Online gallery of Japanese contemporary art

New Arrival: Daido Moriyama “Northern” Series


“Northern No.1” by Daido Moriyama

“Northern No.1” by Daido Moriyama

AZITO is pleased to introduce five new artworks by Daido Moriyama, whose unique style captures the old scenery of Hokkaido in 1978, more than 30 years from now.

"Northern No.2" by Daido Moriyama

“Northern No.2″ by Daido Moriyama

"Northern No.3" by Daido Moriyama

“Northern No.3″ by Daido Moriyama

"Northern No.4" by Daido Moriyama

“Northern No.4″ by Daido Moriyama

"Northern No.5" by Daido Moriyama

“Northern No.5″ by Daido Moriyama





text by Rasa Tsuda

Daido Moriyama is the one of the most famous photographer who influenced the youngers with his black and white photography style. It is so-called “rough, slur, blur” and we can easily tell that it was taken by Moriyama when we face his work since his style is so much unique.

I feel some sort of manly sense in it, but not meaning like a strong muscular power. It is more like a man smoking cigarette viewing the world not pessimistically or optimistically, but as it is. Not trying to give an aid to the people inside the finder but to accept their existence, like a older brother seeing their younger brother.

In the 60s and 70s, Moriyama was causing waves in the Japanese photography. There were no other photographs capturing the people or the city like he did. He kept trying to find the answer to what is photography is. And this question trapped him in a long tunnel as he could not pressing the shutter after 1972.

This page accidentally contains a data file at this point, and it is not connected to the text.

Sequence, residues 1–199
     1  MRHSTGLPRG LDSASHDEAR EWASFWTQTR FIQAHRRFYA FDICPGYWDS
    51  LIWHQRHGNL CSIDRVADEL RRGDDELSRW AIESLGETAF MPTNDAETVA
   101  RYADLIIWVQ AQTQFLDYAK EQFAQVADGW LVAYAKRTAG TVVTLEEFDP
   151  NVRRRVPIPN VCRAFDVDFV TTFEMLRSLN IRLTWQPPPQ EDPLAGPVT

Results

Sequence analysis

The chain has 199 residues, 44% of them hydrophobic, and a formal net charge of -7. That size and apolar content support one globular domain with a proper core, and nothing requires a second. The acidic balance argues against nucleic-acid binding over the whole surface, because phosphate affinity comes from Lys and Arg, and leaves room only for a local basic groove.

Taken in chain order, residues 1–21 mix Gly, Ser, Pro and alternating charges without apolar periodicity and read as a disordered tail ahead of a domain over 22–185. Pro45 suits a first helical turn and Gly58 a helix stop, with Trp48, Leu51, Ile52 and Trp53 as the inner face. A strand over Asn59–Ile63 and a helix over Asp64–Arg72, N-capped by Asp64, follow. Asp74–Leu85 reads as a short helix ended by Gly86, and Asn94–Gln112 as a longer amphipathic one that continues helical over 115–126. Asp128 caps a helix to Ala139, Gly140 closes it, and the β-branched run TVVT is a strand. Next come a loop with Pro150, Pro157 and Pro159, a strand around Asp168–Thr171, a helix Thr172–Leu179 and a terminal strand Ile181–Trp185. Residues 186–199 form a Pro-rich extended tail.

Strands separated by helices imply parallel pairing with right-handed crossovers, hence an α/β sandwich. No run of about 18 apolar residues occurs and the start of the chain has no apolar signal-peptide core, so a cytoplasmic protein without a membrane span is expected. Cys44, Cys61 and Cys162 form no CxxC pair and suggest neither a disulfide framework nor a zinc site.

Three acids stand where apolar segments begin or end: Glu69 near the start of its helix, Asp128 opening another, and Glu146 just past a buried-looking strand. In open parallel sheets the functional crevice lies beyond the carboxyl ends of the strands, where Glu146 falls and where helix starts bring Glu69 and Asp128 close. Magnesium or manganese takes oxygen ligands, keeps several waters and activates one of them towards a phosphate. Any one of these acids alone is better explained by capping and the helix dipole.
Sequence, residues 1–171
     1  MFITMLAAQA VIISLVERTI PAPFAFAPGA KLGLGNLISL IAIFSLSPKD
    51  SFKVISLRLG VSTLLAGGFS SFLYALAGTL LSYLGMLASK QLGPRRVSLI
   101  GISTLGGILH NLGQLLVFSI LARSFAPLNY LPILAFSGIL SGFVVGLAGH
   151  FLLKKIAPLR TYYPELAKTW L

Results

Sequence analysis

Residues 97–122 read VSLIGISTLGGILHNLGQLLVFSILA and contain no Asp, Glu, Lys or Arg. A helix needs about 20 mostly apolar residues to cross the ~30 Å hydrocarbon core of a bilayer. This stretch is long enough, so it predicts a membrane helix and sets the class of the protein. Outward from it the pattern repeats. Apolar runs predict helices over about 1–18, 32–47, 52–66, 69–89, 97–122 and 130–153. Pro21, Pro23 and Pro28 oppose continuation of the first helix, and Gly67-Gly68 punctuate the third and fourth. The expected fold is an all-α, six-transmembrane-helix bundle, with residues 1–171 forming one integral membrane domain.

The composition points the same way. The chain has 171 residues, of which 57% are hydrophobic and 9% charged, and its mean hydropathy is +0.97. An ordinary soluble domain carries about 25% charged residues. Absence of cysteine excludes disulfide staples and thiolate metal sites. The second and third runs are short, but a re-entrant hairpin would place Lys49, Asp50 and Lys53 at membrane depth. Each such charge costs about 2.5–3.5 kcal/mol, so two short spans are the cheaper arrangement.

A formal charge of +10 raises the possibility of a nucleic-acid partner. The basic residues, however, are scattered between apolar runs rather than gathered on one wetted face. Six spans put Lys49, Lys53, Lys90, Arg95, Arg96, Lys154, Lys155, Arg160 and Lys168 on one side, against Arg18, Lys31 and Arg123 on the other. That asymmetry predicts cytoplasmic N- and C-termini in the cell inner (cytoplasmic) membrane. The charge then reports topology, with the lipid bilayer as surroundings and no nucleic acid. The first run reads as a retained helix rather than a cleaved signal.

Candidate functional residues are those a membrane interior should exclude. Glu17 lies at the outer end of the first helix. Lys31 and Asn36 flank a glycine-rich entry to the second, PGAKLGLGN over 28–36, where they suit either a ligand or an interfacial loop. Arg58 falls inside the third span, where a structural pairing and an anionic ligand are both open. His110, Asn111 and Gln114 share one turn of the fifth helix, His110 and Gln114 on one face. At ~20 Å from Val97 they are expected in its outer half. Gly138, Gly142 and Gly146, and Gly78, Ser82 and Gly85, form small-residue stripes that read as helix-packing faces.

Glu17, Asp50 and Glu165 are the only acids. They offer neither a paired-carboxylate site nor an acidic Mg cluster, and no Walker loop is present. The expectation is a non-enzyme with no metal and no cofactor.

In the summer of 1978, Moriyama decided to visit Hokkaido. He had already been there before and he liked the atmosphere in that area. Hokkaido is the northernmost prefecture in Japan. There was not airplane flying from Tokyo to there at that time so he had to take trains and ships to get there. Hokkaido is different from Tokyo in many points. The climate is not much humid as Tokyo is and there is a vast expanse of land. Hokkaido was like a foreign country for him.

The 5 photographs and the photobook named “Northern” which we introduce, were taken in this period. They were taken in 1978 but for the next 30 years the negatives would slumber peacefully in a cardboard box, unprinted, until 2008.

Although he refused for 30 years to print them since it was taken in the period when he was depressed, they are all capturing Hokkaido in a very natural way, not dark as his emotion must have been like. The people’s life are poor but it does not look sad. This might be because Moriyama naturally had a large mind to accept any kind of situations or people who are living their own life and it attracts us.